We often write Ruby functions that take an
options Hash, remove some of its values, then pass the hash further down. Unfortunately we also often introduce a very difficult to catch bug. Here’s why you always want to
dup input options in Ruby that come in as a Hash.
Consider the following example from iex-ruby-client. We pluck
range out of
options to use in an HTTP request path, then pass the rest of the options as query string parameters. We want to
range key to avoid passing its value further down because the API does not expect it, and could have all kinds of unfortunate side-effects. We also don’t know all the possible arguments to the API, especially not the future ones, as we want to be forward-compatible.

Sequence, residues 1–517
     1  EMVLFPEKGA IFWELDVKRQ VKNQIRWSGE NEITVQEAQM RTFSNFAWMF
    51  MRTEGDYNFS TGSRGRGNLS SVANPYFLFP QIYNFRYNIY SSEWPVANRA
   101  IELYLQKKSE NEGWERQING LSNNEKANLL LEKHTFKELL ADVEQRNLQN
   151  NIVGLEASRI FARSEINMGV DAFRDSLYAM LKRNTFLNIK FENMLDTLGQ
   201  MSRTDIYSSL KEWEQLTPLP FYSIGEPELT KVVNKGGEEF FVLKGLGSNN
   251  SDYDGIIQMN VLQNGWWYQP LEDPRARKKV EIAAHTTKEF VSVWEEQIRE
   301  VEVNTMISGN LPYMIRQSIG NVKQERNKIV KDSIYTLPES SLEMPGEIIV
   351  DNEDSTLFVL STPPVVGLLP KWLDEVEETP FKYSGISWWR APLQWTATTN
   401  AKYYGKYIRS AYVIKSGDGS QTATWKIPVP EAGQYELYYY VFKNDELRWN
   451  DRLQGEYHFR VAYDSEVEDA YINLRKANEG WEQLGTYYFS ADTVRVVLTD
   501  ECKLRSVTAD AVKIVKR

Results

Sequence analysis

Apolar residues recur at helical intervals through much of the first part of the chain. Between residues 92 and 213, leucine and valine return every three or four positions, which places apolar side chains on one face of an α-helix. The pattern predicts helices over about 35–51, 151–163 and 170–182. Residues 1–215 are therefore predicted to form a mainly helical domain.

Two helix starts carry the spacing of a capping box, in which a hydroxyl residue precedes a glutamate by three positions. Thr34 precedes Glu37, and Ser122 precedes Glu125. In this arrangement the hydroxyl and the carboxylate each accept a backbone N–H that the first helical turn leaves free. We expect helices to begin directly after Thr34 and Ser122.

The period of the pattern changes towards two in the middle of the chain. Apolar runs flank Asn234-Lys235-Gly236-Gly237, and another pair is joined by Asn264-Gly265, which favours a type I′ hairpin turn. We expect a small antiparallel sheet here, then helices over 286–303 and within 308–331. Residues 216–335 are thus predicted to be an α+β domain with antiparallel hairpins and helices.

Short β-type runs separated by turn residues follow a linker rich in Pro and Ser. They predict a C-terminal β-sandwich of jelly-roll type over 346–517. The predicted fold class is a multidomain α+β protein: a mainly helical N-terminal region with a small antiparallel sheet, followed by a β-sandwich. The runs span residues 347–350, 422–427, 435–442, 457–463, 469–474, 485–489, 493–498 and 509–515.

Seems innocent enough. But consider this code.
You can see the problem: the second call to
historical_prices has incorrect options as
range was removed by the first call. Here’s a fix.
You can optimize a little to avoid
.dup in all cases, but I don’t think it’s worth it because it does not provide any meaningful performance improvement unless the function gets called a lot.
If you use Rails, you can use
except. I like how clean this is.
.clone are both shallow, but that doesn’t matter as long as you only use
.delete and remove values. If you were to modify the
options Hash in any other way, you may need to deep_dup it instead. So, don’t modify an object that your method doesn’t own and remember that Ruby passes objects such as
Array by reference, and not by value into functions.
All that said, if you know the finite list of parameters to your functions, use Ruby 2 Keyword Arguments instead.